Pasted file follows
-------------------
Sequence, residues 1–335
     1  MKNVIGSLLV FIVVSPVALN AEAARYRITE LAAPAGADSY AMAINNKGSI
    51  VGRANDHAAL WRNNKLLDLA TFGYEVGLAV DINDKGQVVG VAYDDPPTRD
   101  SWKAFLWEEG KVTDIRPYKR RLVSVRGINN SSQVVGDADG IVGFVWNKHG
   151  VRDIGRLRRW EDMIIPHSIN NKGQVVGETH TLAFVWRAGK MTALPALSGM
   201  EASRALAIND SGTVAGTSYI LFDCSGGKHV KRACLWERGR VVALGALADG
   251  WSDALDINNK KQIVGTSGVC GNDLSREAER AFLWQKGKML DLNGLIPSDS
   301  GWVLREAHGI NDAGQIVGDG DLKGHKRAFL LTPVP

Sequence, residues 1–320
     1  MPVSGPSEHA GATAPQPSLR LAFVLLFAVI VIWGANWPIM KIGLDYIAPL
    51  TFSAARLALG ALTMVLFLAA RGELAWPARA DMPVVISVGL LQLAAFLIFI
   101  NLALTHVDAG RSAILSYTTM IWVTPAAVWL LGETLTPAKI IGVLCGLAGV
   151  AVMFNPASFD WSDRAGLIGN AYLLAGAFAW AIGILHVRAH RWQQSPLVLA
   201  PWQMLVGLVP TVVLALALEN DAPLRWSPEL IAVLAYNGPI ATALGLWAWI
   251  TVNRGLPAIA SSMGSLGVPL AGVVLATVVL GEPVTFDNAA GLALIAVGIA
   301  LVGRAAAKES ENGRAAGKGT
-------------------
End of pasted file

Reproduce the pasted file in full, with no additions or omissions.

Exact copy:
Sequence, residues 1–335
     1  MKNVIGSLLV FIVVSPVALN AEAARYRITE LAAPAGADSY AMAINNKGSI
    51  VGRANDHAAL WRNNKLLDLA TFGYEVGLAV DINDKGQVVG VAYDDPPTRD
   101  SWKAFLWEEG KVTDIRPYKR RLVSVRGINN SSQVVGDADG IVGFVWNKHG
   151  VRDIGRLRRW EDMIIPHSIN NKGQVVGETH TLAFVWRAGK MTALPALSGM
   201  EASRALAIND SGTVAGTSYI LFDCSGGKHV KRACLWERGR VVALGALADG
   251  WSDALDINNK KQIVGTSGVC GNDLSREAER AFLWQKGKML DLNGLIPSDS
   301  GWVLREAHGI NDAGQIVGDG DLKGHKRAFL LTPVP

Sequence, residues 1–320
     1  MPVSGPSEHA GATAPQPSLR LAFVLLFAVI VIWGANWPIM KIGLDYIAPL
    51  TFSAARLALG ALTMVLFLAA RGELAWPARA DMPVVISVGL LQLAAFLIFI
   101  NLALTHVDAG RSAILSYTTM IWVTPAAVWL LGETLTPAKI IGVLCGLAGV
   151  AVMFNPASFD WSDRAGLIGN AYLLAGAFAW AIGILHVRAH RWQQSPLVLA
   201  PWQMLVGLVP TVVLALALEN DAPLRWSPEL IAVLAYNGPI ATALGLWAWI
   251  TVNRGLPAIA SSMGSLGVPL AGVVLATVVL GEPVTFDNAA GLALIAVGIA
   301  LVGRAAAKES ENGRAAGKGT